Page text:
It is a received wisdom that folk culture is dead. After thousands of years of people deriving entertainment by telling each other stories and singing songs together, a century and change of first radio, and then television–of music and stories crafted by experts and delivered directly into our homes, replacing the amateur story nights and singalongs that once occupied them–have wiped folk culture away.
This is nonsense. Television and radio can fulfill the craving for story and music, but they cannot fulfill the need to create that so many people share. We still make up stories and songs–and we still take the common myth cycles of our people and transform them for our own purposes. It’s just that instead of Thor and Loki getting into drunk shenanigans, it’s Kirk and Spock having sex–or six “wrong” ponies getting the Elements of Harmony. Fan culture is folk culture, and like folk culture it is influenced by the top-down “canon,” but produces its own works in a bottom-up process. Yes, it has its leaders–Rainbow DoubleDash has the final say on what is or is not part of the Lunaverse canon–but ultimately anyone can write for the Lunaverse, and a number of very different people have. The results are necessarily messier, more chaotic than a polished, commercially produced show (not to mention all the inherent differences between prose fiction and television animation), but also more (for lack of a better term) authentic. There is no line between the authors and readers of the Lunaverse–even people who haven’t written a story can help shape one by commenting as chapters are posted.
Like any folk community, the central tension of folklore is present, between the creative impulse (which, as it is a drive to create something new, is therefore always a drive toward change) and traditionalism, which is always present in a context where the main method of creation is modifying something that was handed down by others. There is a tension between those who want the Lunaverse to be its own creature, and those who want it to be a reflection of the show–for example, whenever some new development in the show contradicts something established in the universe, there are those who want to incorporate it into a story and either retcon the Lunaverse to match or explain away the difference, and those who don’t care because the Lunaverse isn’t the Maneverse.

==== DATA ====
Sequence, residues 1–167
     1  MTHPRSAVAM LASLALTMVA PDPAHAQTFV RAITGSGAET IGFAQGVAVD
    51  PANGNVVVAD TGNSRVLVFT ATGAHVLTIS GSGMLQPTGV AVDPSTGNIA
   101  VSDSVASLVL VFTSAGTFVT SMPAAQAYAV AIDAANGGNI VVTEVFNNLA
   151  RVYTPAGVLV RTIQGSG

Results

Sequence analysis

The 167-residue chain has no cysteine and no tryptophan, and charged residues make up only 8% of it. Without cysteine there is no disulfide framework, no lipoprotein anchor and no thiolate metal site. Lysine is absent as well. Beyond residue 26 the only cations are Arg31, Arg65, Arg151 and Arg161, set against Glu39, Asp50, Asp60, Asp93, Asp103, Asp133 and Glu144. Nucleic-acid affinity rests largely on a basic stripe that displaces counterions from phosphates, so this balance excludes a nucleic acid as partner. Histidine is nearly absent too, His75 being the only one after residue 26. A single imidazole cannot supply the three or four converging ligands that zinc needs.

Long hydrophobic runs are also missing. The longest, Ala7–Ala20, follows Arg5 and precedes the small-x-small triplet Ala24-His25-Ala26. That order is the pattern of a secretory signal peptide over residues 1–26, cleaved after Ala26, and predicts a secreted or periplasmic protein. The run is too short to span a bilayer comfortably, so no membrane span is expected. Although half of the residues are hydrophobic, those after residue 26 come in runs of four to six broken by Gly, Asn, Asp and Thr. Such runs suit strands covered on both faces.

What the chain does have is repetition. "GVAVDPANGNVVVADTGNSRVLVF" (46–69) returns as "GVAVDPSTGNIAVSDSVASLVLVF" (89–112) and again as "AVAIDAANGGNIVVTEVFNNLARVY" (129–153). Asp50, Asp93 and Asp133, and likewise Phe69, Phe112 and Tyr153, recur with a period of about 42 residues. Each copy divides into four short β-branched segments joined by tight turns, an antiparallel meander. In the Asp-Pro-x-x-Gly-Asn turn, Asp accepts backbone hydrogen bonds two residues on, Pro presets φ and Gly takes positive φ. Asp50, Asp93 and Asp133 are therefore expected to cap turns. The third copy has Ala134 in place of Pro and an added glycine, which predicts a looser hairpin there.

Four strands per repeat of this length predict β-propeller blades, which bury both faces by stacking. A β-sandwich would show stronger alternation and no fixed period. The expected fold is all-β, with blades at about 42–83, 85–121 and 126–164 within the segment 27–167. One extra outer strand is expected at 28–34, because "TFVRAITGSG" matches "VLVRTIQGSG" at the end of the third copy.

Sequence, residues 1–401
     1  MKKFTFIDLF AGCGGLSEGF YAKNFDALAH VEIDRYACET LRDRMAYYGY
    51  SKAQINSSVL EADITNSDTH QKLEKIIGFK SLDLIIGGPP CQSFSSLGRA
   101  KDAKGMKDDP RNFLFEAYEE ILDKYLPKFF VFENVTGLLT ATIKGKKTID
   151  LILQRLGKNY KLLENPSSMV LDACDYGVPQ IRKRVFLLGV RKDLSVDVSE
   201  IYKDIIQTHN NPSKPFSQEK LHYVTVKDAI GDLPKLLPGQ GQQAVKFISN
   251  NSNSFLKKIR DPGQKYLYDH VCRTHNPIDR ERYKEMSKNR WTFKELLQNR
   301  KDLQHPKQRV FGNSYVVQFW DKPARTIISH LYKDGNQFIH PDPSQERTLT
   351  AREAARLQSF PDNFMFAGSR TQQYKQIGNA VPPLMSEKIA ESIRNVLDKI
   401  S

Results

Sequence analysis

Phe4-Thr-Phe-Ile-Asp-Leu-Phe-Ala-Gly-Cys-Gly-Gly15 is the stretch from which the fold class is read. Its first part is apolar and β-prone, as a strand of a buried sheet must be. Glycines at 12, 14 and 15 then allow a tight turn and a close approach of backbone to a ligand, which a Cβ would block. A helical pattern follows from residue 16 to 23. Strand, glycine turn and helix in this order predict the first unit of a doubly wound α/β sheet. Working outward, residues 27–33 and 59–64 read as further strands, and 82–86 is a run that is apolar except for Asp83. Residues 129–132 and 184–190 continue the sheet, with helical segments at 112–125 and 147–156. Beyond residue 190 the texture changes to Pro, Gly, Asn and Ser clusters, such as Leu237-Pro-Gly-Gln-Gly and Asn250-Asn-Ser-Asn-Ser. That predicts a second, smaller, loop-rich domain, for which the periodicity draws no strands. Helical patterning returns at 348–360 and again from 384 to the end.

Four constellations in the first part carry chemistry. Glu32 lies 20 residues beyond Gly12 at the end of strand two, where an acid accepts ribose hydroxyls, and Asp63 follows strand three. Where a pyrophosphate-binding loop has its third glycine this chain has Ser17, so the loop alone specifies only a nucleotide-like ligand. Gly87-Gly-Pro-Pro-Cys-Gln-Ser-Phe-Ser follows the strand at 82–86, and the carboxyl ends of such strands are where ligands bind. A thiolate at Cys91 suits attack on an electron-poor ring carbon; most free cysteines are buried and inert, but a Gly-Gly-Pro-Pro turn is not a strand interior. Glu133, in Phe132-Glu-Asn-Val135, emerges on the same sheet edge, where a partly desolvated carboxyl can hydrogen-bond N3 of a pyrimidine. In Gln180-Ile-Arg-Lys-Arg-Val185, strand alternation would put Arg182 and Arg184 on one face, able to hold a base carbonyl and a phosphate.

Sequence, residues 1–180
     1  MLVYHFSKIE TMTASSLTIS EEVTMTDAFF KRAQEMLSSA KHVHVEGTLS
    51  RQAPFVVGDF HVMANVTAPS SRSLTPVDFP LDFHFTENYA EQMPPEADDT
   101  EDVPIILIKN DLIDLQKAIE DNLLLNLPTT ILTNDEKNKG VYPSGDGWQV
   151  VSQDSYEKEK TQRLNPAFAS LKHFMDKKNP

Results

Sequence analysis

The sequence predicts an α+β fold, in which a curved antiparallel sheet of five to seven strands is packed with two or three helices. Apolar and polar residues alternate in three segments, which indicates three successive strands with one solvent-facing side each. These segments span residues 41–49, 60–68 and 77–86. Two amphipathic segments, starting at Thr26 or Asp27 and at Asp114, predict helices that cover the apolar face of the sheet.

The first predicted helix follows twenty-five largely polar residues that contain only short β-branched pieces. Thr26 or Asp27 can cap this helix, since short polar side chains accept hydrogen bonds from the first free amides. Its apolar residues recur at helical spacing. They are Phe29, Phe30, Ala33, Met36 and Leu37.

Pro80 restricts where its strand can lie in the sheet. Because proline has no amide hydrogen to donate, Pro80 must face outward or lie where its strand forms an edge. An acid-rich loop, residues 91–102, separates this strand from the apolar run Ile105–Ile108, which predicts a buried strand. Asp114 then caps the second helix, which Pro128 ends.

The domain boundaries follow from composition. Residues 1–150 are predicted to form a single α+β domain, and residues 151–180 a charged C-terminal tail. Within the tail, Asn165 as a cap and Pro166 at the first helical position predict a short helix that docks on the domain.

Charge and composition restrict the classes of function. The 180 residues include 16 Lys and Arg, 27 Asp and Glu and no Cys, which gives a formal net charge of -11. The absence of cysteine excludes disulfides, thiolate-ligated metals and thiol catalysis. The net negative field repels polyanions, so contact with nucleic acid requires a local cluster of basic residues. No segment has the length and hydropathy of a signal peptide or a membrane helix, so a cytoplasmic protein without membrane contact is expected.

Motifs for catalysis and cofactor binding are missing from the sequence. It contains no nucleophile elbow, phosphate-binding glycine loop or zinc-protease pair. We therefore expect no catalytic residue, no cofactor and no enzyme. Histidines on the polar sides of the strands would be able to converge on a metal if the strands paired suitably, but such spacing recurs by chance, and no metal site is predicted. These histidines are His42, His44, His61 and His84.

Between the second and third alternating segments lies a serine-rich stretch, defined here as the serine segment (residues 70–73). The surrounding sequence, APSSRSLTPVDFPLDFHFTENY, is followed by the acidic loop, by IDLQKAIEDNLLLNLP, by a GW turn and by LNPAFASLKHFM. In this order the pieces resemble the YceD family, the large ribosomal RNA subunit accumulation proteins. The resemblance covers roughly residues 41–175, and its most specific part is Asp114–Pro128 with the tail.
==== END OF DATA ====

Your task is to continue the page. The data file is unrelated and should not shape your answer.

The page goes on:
“At the Grand Galloping Gala” is a good example. Its climax hinges on a weird blend of populist ideals (“the nobles are corrupt, and us good peasant folk need to do something to straighten them out”) and royalist sentiment (“we just need to get the Princess involved, and she’ll straighten things out”). Such a juxtaposition is not at all uncommon in folktales, where it isn’t unusual at all to find a clever, plucky peasant outwitting the evil, corrupt nobles–and being rewarded by marrying a princess and becoming nobility themselves, presumably so that the next clever peasant has someone to outwit. The revolutionary, anti-authoritarian impulse is tempered by an almost-worshipful treatment of traditional, “good” authority.
But such is, as I said, the nature of a folk community.
In the end, the products of the Lunaverse are amateur work. Grammatical errors abound. Stories are sometimes clumsy, characterization is uneven, and jokes sometimes don’t fit (shoehorned-in Babylon 5 references are nearly as common as in Time Lords and Terror and its sequels), but in exchange there is a vibrance to it, an ever-changing and growing supply of stories (about a half million words in the canon portion of the first season alone), and an active and extremely welcoming community. It is an expression, in other words, of everything bronies love about ourselves–a micro-folk within our larger folk community.
Next week: Everything new is old again. It’s time for yet another Apple-sode.